This week started off with a mates seminar in Valdez, and I had a great time getting to know other chief mates and barge mates and hanging with some office folks. A lady was here from Jacksonville to help us out with some computer and payroll business, and I remembered her from the last deck officers seminar I attended there more than a year ago. It brought back some memories of how much fun I really did have towing barges to Puerto Rico; at the end of last hitch, with most of my confidence pretty much shot, I was sorely tempted to go back. But now I’m spoiled with wifi and exercise equipment and mountains and a ton of airline miles, so I think I’ll stay.
It’s already off to a good start this spring. I was walking through Valdez on Tuesday night before crew up, and looked up to see green lights vibrating in the sky. Those lights never cease to fill me with wonder. It’s light until midnight now, with the darkest time around 2 in the morning. With some useful training at the seminar, I came back to the boat armed with more confidence and a clearer idea of how to go about establishing myself in my new position. I got a call the other night from a friend of mine on another boat here, just to chat, and I was startled to realize that I’ve been focusing on the negative interactions I’ve had lately and forgetting that there is a whole group of people in Valdez who have my back. It’s up to me to do my best, but I don’t have to feel so alone.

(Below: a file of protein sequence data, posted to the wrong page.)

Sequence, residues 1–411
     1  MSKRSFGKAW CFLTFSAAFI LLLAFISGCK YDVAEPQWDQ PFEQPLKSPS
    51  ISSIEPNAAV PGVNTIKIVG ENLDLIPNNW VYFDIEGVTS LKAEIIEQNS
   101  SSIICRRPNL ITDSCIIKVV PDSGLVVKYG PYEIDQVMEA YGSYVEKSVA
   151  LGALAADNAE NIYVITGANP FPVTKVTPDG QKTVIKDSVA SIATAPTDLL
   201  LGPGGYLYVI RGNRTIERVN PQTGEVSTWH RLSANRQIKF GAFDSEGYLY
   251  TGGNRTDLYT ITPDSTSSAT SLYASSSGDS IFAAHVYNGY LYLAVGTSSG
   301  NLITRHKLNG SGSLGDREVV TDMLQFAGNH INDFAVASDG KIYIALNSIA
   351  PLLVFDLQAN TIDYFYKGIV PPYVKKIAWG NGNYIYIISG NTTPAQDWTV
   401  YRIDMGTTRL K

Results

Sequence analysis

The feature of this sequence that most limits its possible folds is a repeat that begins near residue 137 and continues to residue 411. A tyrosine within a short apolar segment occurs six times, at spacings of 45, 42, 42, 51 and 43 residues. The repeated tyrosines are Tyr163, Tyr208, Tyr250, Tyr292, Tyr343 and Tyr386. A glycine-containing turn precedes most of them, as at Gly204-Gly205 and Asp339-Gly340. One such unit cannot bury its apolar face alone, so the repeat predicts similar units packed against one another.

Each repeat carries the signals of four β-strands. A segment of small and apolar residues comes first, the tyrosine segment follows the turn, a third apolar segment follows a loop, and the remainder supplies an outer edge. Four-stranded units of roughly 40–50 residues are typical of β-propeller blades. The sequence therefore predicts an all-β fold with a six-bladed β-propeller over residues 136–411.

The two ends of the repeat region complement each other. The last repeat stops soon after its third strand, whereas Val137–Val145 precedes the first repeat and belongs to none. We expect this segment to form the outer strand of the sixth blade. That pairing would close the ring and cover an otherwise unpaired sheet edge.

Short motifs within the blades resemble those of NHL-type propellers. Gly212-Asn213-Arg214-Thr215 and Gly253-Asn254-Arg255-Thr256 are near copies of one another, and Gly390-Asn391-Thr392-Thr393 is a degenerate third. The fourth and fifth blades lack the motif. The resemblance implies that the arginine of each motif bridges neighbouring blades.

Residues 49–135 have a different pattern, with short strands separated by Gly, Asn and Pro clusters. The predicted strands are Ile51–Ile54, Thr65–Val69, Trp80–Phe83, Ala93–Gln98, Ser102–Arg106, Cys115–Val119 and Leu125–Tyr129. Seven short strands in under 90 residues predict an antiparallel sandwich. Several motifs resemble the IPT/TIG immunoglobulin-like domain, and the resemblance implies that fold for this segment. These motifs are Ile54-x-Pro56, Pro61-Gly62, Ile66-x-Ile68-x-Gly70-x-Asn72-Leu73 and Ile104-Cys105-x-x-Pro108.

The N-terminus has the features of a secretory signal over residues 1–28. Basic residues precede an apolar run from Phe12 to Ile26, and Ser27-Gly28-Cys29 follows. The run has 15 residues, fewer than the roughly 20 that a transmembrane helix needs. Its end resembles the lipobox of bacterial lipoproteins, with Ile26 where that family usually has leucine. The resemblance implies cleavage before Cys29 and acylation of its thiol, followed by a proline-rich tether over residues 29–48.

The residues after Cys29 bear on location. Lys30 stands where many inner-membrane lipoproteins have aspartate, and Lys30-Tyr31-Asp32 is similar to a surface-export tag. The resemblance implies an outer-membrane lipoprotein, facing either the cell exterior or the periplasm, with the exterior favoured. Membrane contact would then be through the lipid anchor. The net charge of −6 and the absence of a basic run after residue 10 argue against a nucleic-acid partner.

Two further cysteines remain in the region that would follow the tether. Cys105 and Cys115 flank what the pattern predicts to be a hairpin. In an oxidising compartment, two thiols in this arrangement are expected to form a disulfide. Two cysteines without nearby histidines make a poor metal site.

The three and a half weeks I had at home were amazing; between safety training for work – where I got to know some of my favorite coworkers a little better while donning gumby suits and jumping into a pool – and Opening Day watching the races and boat parade at the Montlake cut and seeing old college friends in the very cooperative Seattle spring weather, I took some time to get away from the boat and remember what’s really important (i.e. being happy and grateful for the good things I have).